Winterize Your Gas Grill
If you're not a winter griller, now's the time to pack away your grill before it's covered with a foot of snow. In addition to giving your grill a thorough cleaning to remove grease and food scraps, take these steps to help prevent any unpleasant surprises when you fire up your grill again next spring. Shut off the gas at the LP tank, unfasten the burner, slip the gas tubes off the gas lines and lift out the unit. Coat the burners and other metal parts with cooking oil to repel moisture that can build up over the winter and to prevent rust. Then wrap the burner unit in a plastic bag to keep spiders and insects from nesting in the gas tubes during the winter. This is a common problem that can make for balky starts, uneven flames or even a one-alarm fire the next time you light your grill. If you're storing your grill outside during the winter, just keep the propane tank connected (but shut off) and put a protective cover over the entire grill when you're done cleaning it. If you're storing the grill indoors, don't bring the tank inside, even into the garage or a storage shed. A small gas leak can cause a huge explosion if the tank is stored in an enclosed space. Instead, disconnect the tank and store it outside in an upright position away from dryer and furnace vents and children's play areas. Tape a plastic bag over the grill's gas line opening to prevent insects from nesting.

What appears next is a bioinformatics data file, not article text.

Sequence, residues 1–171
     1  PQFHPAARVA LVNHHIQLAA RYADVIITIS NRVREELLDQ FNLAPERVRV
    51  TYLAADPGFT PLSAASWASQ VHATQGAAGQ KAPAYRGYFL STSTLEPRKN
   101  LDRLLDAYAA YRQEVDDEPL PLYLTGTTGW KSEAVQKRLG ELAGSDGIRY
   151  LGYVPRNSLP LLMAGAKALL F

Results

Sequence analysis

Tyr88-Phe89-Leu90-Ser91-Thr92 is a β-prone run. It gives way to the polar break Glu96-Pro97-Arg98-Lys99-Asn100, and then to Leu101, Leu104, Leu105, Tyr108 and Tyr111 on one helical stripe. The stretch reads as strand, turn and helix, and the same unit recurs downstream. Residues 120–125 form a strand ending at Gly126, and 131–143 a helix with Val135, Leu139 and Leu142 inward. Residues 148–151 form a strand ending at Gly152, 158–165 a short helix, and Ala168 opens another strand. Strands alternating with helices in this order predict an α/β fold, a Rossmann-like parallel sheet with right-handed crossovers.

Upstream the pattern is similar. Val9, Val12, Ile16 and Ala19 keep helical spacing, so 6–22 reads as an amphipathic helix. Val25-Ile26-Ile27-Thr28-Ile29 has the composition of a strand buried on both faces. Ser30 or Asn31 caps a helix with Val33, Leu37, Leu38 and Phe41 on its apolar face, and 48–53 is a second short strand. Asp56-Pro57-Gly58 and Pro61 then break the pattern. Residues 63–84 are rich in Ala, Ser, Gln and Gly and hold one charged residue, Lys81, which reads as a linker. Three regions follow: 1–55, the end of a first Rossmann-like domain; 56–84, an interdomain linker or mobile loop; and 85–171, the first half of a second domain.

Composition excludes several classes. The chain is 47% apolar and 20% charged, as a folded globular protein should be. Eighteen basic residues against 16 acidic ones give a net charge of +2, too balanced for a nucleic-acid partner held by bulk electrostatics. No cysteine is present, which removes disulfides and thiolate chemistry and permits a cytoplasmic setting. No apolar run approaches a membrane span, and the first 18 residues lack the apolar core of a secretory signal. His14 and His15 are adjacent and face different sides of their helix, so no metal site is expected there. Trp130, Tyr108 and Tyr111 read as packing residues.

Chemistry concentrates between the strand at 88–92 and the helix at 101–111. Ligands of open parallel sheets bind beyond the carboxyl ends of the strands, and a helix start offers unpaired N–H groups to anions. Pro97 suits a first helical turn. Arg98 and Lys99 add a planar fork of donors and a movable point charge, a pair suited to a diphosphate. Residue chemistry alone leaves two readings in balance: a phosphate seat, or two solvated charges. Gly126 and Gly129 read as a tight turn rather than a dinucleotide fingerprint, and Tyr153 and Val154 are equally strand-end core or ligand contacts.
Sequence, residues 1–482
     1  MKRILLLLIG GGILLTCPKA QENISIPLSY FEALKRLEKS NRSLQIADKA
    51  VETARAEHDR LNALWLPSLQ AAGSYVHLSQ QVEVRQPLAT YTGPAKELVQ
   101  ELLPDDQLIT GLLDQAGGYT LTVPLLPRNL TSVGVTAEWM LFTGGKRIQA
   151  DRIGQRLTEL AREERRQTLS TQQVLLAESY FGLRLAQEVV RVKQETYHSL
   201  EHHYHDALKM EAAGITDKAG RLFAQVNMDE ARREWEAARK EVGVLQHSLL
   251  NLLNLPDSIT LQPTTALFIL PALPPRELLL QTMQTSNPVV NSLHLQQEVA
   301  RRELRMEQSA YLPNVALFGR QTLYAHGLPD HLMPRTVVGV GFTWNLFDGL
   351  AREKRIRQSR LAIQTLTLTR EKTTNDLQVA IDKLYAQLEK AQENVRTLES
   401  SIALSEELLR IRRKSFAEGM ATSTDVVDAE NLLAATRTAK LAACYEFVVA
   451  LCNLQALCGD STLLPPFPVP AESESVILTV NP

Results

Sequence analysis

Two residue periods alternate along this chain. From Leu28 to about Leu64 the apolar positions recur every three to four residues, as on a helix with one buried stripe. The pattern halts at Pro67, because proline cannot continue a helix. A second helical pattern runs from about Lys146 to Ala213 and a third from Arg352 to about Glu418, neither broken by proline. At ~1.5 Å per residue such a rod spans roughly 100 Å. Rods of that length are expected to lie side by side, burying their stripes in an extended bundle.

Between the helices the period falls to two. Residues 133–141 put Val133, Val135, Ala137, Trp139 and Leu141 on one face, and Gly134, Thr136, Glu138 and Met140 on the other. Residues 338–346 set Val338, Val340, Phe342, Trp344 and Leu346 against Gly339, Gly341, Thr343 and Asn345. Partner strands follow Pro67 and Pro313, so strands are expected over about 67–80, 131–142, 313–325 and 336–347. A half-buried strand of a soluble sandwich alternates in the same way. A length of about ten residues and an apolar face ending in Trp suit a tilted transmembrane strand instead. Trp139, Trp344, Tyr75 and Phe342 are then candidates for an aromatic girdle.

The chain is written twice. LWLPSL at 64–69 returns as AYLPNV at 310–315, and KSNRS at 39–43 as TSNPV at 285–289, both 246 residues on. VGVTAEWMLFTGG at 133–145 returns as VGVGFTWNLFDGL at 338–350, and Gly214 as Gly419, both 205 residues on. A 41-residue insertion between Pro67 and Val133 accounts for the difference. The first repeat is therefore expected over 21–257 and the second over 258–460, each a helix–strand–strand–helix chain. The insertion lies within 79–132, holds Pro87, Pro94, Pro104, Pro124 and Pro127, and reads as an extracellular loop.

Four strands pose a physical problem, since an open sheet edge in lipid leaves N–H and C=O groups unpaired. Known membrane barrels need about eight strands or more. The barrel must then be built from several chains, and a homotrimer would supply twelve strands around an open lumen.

Winterize Your Sprinkler System
You don't have to pay someone to blow out your sprinkler system. You can do it with your own compressor, but be aware that even the largest home compressor isn't powerful enough to blow out the entire system at once.
If you like number crunching and you have the original irrigation layout showing the gallons per minute (gpm) of each sprinkler head, divide the gpm of each zone by 7.5. That'll give you the cubic feet per minute (cfm) you need to blow it out. Otherwise, rent a 10-cfm compressor and hose from a tool rental center. Set the compressor air pressure regulator to a maximum of 80 psi for rigid PVC pipe systems, or 50 psi for flexible black polyethylene pipe. Then turn off the water supply and set the system timer to open just one zone. Next, open the manual drain valve at the end of that zone (if equipped). Then, connect the air line to the blow-out port, as shown. Close off both valves on the backflow preventer. Then remove the plug on the blow-out port and screw in a quick-connect hose adapter. Snap on the air hose and connect the other end to the compressor. Now blow out the line. The heads should pop up and spit out water. Disconnect the hose as soon as they run dry. Don't overdo the blow-out—without water cooling the plastic gears, they can melt in less than a minute. Move on to the next zone and allow the heads to cool. Then go back and blow out each zone a second time.